Recently researchers have shown that the axiom of self-interest may become the basis of a working morality for those who most believe it --namely economists. According to the researchers, evidence shows that economists actually behave more self-interestedly than noneconomists.  In short, the axiom of self-interest serves as far more than the starting point for scientific hypothesizing --it becomes a moral principle by which those who believe the axiom actually relate to others.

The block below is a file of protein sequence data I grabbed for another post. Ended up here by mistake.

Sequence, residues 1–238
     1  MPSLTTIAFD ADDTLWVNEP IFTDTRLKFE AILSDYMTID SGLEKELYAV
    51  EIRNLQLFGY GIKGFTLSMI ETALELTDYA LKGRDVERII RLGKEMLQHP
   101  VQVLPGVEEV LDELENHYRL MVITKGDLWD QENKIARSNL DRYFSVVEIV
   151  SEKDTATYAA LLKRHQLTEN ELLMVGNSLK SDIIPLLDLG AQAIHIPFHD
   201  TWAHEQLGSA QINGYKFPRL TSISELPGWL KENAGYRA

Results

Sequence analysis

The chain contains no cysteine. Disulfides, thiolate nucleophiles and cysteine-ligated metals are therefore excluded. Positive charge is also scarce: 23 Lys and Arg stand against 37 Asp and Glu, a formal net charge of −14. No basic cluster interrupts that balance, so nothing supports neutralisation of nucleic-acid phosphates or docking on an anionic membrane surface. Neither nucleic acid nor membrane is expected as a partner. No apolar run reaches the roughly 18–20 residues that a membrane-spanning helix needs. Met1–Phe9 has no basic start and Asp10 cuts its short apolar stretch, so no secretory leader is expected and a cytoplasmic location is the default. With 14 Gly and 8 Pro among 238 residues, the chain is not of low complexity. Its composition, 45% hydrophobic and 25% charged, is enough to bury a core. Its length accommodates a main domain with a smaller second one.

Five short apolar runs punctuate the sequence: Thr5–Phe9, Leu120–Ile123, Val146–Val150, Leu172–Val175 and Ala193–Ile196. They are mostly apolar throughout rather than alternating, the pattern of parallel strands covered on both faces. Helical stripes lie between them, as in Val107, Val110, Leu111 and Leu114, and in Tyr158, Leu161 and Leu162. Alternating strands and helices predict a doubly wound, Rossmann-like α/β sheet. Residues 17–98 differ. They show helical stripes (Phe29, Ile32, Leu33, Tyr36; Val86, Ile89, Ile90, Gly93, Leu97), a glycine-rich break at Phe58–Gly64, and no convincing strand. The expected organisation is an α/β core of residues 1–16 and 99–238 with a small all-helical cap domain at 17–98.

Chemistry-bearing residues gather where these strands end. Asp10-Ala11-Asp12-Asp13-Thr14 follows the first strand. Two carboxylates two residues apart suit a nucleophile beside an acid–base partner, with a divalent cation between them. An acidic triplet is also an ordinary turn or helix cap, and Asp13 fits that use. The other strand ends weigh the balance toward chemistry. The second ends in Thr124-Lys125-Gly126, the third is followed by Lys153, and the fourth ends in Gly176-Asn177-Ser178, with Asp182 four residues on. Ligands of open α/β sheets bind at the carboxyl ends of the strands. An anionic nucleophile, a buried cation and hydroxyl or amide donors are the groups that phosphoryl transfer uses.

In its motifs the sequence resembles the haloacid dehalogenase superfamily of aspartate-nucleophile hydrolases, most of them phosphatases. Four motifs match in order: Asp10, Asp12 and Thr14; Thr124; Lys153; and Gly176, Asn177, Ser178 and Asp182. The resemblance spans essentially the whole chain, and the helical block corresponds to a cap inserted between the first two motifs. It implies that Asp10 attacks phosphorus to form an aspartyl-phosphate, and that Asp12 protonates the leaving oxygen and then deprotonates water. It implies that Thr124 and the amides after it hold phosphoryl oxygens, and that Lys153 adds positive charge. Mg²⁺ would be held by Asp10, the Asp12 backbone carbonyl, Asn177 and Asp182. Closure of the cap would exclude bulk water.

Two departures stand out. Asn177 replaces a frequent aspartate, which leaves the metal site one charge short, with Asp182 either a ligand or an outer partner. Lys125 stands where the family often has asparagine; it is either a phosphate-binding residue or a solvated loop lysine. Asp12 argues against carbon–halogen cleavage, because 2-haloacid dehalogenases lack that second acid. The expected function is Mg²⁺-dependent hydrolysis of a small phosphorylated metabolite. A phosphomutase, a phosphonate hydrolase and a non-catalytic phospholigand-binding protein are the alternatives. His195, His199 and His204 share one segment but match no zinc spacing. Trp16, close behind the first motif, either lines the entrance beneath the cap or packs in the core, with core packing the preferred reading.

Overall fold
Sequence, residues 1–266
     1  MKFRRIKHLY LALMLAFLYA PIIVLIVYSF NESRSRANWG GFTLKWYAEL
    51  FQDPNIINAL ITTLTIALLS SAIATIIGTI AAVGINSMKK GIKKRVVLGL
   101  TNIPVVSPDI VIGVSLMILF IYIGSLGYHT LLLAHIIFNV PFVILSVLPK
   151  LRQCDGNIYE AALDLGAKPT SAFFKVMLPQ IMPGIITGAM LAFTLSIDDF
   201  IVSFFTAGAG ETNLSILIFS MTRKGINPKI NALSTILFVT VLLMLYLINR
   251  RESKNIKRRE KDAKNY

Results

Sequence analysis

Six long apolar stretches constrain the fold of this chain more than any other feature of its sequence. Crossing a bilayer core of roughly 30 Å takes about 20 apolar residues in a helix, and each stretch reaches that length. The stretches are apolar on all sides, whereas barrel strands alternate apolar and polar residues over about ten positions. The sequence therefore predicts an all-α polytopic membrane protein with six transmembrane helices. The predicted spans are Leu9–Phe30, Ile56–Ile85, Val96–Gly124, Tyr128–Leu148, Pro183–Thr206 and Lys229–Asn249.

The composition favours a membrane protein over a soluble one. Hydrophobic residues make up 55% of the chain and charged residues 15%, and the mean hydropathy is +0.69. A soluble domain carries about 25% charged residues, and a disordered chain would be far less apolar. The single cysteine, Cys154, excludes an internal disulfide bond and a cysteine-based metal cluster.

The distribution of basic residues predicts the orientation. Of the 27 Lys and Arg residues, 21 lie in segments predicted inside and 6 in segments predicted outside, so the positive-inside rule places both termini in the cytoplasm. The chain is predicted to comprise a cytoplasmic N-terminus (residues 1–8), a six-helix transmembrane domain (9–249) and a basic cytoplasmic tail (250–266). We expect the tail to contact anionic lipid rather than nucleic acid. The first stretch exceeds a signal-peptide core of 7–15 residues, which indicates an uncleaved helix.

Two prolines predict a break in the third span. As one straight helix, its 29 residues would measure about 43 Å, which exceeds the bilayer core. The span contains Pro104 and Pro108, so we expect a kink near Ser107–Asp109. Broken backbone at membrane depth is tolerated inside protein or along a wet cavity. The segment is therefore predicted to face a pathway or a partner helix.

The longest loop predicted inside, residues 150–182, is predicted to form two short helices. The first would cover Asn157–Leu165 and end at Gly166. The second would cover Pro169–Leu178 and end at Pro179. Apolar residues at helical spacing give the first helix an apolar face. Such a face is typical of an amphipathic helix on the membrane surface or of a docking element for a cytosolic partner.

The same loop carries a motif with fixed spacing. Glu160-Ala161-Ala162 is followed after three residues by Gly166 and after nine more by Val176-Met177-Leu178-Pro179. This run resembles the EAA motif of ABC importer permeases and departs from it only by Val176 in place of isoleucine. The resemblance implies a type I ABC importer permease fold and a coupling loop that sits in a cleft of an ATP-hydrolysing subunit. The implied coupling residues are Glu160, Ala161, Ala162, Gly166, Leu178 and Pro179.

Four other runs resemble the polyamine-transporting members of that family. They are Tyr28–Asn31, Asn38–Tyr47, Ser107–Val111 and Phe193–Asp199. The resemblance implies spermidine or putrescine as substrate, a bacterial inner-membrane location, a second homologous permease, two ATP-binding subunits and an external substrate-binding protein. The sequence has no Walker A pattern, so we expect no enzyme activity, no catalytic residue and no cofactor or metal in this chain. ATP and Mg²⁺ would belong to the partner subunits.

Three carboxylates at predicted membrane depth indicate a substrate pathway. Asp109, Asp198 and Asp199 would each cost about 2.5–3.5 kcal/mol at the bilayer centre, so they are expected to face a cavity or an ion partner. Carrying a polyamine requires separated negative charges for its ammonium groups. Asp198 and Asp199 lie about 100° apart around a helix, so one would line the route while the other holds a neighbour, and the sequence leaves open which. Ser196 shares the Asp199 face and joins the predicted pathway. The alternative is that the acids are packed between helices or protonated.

Economists go out of their way to protect the hypothesis of self-interest from apparent anomalies, such as altruistic behavior. (Altruism is an anomaly, since one gives up something --seeming to leave the self worse off --in order that someone else be made better off.) The introductory text quoted earlier argues that the "rationality'' of altruism can be saved provided the altruist wants to serve others "just as he can want to own a new car'' (emphasis added).  According to this argument, the outer act may look like self-denial, but the inner intent remains entirely the satisfaction of the self. One is serving others, not due to moral obligation, nor because someone else displaces self in one's own regard, but only because such activity happens to please oneself. Nor is even the outer act true self-denial. What one gives up for the sake of others is no different from the money one gives up to obtain the car one wants to own: in either case one is merely engaged in a transaction to obtain what one wants.